- Restoration continues. Just because the forest is now open, it doesn’t mean the job is done. Forest restoration is an ongoing project for Fernbank Museum. Along with the Fernbank Museum staff, the forest is being “loved on” by Trees Atlanta, the Audubon Society and others. You are another important factor in the restoration, so please consider joining the volunteer efforts.
- No one lives there. As you make your way along the beginning section of the Fernbank Forest trail, you’ll notice the backyard of a gorgeous, huge red and white brick home. I overheard several dozen people wondering about who lives there (and how lucky it would be to live so close to the forest.) I learned from Fernbank Museum that the house was the Cobb Home, and was purchased by the museum during the restoration process. No one lives there now. Be sure to look around that area for older ruins like stairs and a wall. Those are remnants of the Harrison Home that once stood within the forest.
Points of Note
- Free with admission. Both WildWoods and Fernbank Forest access are included with admission to Fernbank Museum. With these additions, a membership is a MUST.
- Bring Fido a Souvenir. My first question was about pets, but alas, you have to keep dogs and other animals at home. The forest is in a gentle state and we need to be respectful.
- Stay out of the creek. Along that same line of thinking, please stay out of the creek that runs through the forest. My kid’s first inclination was to jump right in the middle of every waterway they see, but we had a talk before heading out. We want to do everything possible to preserve this ancient area.
- No smoking. Fernbank Museum is a smoke-free campus, so please don’t light up even while you are on the outside grounds of the museum.
- Hydrate with H2O. Only water is permitted in WildWoods and Fernbank Forest. No other drinks and no food. Tip: Bring a hydration backpack!
- Prepare for nature. You’re in the middle of the city, but don’t forget, you are still in the forest. Wear proper shoes and clothing, think of sunscreen and bug spray if that’s your thing, hydrate well, grab a map and stay on the trails.
Sue took this great video at the preview – be sure to take a look.
Fernbank Museum’s NatureQuest Indoor Playground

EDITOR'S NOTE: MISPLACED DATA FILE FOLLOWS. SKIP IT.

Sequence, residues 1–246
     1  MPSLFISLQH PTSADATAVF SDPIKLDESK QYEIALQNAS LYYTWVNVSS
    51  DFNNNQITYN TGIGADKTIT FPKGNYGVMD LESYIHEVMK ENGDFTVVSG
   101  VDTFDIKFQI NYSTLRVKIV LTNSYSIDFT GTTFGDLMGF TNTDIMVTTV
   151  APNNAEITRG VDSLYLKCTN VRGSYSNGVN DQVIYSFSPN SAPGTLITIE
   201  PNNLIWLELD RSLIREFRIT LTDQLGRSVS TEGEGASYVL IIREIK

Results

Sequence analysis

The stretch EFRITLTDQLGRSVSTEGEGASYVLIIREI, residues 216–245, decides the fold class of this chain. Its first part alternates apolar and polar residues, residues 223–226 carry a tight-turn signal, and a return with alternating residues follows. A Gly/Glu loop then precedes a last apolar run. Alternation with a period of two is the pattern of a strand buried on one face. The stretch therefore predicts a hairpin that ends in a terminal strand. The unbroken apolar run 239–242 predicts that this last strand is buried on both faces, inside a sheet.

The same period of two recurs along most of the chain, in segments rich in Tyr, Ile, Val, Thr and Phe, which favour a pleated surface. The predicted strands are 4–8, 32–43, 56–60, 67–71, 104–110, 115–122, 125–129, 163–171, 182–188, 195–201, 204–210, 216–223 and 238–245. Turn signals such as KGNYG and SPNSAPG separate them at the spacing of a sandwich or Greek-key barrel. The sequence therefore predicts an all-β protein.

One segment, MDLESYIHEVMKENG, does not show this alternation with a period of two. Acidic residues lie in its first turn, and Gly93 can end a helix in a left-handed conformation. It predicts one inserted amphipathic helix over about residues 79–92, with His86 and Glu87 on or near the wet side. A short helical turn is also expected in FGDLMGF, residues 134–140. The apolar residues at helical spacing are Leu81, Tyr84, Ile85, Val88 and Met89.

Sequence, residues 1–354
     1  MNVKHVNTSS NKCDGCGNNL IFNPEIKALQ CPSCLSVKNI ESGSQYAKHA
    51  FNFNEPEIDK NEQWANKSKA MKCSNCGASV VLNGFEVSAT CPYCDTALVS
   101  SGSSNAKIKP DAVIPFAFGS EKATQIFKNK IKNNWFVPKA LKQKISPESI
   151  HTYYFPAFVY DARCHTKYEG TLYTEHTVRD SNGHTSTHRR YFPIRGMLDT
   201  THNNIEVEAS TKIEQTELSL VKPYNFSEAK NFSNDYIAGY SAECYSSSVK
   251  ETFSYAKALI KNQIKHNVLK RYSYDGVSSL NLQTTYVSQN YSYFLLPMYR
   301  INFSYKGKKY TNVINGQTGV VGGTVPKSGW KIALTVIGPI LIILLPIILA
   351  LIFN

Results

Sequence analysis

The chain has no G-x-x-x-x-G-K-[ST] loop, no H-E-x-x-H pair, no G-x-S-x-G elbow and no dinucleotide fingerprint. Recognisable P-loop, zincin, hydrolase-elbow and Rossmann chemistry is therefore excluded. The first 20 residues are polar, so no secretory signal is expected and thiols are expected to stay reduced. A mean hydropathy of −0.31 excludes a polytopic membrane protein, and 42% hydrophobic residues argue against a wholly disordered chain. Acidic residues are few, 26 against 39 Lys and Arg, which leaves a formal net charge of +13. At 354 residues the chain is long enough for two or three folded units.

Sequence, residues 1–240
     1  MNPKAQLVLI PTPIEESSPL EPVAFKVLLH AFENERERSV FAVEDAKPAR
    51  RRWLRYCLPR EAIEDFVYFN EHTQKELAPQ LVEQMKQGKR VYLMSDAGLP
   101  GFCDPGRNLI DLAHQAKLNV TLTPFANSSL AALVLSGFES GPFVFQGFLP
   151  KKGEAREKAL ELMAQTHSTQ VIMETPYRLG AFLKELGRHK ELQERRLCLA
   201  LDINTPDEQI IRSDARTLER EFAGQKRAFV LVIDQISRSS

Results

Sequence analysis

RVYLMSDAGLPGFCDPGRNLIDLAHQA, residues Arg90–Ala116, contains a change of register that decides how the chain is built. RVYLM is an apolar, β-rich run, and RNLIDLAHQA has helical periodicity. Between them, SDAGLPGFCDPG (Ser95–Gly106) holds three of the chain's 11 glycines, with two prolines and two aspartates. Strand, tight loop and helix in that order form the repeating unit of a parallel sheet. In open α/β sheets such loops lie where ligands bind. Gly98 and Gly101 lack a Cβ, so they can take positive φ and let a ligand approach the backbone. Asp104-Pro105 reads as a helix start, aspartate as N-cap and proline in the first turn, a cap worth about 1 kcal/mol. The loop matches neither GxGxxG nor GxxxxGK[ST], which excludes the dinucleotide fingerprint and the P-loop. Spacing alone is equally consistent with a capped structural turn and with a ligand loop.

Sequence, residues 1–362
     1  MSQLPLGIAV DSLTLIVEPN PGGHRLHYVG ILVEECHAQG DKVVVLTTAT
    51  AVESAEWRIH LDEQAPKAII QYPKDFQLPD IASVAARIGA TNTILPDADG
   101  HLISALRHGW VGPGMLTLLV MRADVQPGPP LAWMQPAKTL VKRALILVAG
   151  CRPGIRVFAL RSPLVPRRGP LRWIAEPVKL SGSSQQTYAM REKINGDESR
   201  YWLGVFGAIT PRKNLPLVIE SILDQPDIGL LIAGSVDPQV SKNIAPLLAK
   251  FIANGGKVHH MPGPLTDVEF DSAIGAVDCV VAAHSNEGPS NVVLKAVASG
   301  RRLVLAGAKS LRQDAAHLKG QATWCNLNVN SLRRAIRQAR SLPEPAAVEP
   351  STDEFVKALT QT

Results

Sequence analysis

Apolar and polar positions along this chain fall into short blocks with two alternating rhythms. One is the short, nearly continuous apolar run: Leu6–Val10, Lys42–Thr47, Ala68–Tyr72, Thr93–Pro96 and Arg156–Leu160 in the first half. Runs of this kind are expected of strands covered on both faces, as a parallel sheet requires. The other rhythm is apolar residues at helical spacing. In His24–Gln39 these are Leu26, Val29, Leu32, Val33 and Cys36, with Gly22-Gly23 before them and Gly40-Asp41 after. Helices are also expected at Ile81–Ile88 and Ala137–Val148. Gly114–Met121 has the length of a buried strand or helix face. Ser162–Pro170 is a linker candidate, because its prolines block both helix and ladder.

Fernbank Museum of Natural History’s eight million permanent exhibit called NatureQuest is geared toward their younger guests and could be reason alone to become a member (so you can go again and again). The two hours we spent exploring the exhibit wasn’t enough for my kindergartner and I had to drag him away.
NatureQuest is a designed for children 2 through 10 as an interactive, educational, indoor play space with more than 100 interactive encounters including live animals. The exhibit features six diverse ecosystems : the ocean/estuary, swamp, pine flatwoods, forest, waterfall/river, and caves designed around a kids clubhouse.
Heading to New Jersey? Check out this cool dino museum there!
There is literally something to discover in every nook and cranny. I love the water features, the mist waterfall, the river that ripples when you walk across it and the undersea shell puzzle. My boys liked climbing up inside the tree and developing new paths for the acorns to fall. This activity is similar to marble mazes, but uses PCP pipe with magnets and the kids create new paths on a metal wall.
Once you get used to the “big attractions,” you start seeing the more subtle discovery opportunities like the bats in the cave, the soil sample pulled from the ground or the numerous hiding places for pretend animals. Kids will love running, crawling, splashing (virtually) and discovering every nook and cranny using all their senses.
Parents looking for a more structured approach can pick up one of the exploration cards that explain each ecosystem and offer a checklist of what you’ll find. Adults can engage children with the fun facts or question and answers from the cards. There are also “ologist cards” that provide information on the exhibition through the eyes of different scientists, such as an archaeologist, geologist, zoologist, marine biologist, and others.
Fernbank hosts special events throughout the year that are awesome for kids!
In 2021, Fernbank debuted a new toddler program — Littlest Explorers — for those ages 18 months – 3 years old.
The program takes place each Thursday, May 6 – May 27, from 9am to 10am.
Each week, participants will meet for a 30-minute private program followed by exploration time in one of Fernbank’s exhibits prior to the museum opening to the general public. The programs in this series include sensory and exploratory activities, stories and crafts designed to stimulate young minds and bodies and lay the foundation for learning about science and natural history. Themes change weekly. Online registration required.
Fernbank also hosts storytimes, animal encounters, and a special Noon Year’s Eve celebration on December 31 every year for little ones. Check their events calendar for the latest!
Fernbank Science Center
Don’t confuse Fernbank Museum with Fernbank Science Center. See our post here.